Zen meditation: an integration of current evidence.
ABSTRACT Despite the growing interest in the neurobiological and clinical correlates of many meditative practices, in particular mindfulness meditations, no review has specifically focused on current evidence on electroencephalographic, neuroimaging, biological, and clinical evidence about an important traditional practice, Zen meditation.
A literature search was conducted using MEDLINE, the ISI Web of Knowledge, the Cochrane collaboration database, and references of selected articles. Randomized controlled and cross-sectional studies with controls published in English prior to May 2008 were included.
Electroencephalographic studies on Zen meditation found increased alpha and theta activity, generally related to relaxation, in many brain regions, including the frontal cortex. Theta activity in particular seemed to be related to the degree of experience, being greater in expert practitioners and advanced masters. Moreover, Zen meditation practice could protect from cognitive decline usually associated with age and enhance antioxidant activity. From a clinical point of view, Zen meditation was found to reduce stress and blood pressure, and be efficacious for a variety of conditions, as suggested by positive findings in therapists and musicians.
To date, actual evidence about Zen meditation is scarce and highlights the necessity of further investigations. Comparison with further active treatments, explanation of possible mechanisms of action, and the limitations of current evidence are discussed.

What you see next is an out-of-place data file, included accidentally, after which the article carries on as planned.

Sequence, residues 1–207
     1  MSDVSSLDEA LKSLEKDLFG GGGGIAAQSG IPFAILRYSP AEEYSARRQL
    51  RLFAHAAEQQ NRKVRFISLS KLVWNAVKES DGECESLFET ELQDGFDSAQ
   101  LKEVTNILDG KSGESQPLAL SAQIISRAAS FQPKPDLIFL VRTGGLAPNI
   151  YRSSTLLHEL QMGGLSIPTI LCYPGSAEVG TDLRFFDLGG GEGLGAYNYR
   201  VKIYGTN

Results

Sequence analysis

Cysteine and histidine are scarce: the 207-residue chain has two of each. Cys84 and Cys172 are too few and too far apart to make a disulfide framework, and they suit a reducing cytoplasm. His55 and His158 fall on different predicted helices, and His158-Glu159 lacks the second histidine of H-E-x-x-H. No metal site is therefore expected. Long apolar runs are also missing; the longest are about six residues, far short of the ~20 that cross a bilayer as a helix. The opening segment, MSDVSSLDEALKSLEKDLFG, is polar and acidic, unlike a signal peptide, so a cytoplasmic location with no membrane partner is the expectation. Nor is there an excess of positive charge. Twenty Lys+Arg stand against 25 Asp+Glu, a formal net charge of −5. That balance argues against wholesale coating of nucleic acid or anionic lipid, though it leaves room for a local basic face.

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ABSTRACT: The increasing number and sophistication of available psychotherapies suggests that a critical appraisal of the methodological issues of psychotherapy studies is highly needed. Several key questions regarding the efficacy of a given intervention, the understanding of whether positive effects observed following the delivery of a psychotherapeutic intervention are specifically attributable to the intervention itself or to other "non specific" factors, such as benefit expectations, therapist attention and support, and the possibility of improving psychotherapy research need an answer. This, in turn, could provide clinicians with more rigorous information about psychotherapy outcomes and could properly address several shortcomings that are frequently observed in current psychotherapy studies. Accordingly, in this editorial I will highlight some of the most important critical issues that a well designed psychotherapy study should take into account, including the need for appropriate control groups, appropriate randomization and blinding procedures, and the importance of performing appropriately powered studies that include a sufficiently long follow-up period. Finally, I will build on my expertise in the field of mindfulness based interventions, in particular mindfulness based stress reduction and mindfulness based cognitive therapy, to show how such issues have been and can be successfully implemented in the design of future psychotherapy studies.09/2011; 1(1):4-11. DOI:10.5662/wjm.v1.i1.4
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